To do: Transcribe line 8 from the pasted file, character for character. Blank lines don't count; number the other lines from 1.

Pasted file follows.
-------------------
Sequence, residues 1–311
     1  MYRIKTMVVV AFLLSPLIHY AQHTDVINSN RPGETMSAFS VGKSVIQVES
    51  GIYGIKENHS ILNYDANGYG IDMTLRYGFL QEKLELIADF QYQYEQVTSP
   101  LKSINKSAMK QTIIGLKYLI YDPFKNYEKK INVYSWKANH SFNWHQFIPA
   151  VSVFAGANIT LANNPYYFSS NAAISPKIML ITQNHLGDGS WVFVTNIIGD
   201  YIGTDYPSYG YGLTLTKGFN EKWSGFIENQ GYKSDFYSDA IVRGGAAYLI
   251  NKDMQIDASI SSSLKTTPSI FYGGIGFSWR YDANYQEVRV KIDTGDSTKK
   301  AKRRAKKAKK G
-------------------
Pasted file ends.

   301  AKRRAKKAKK G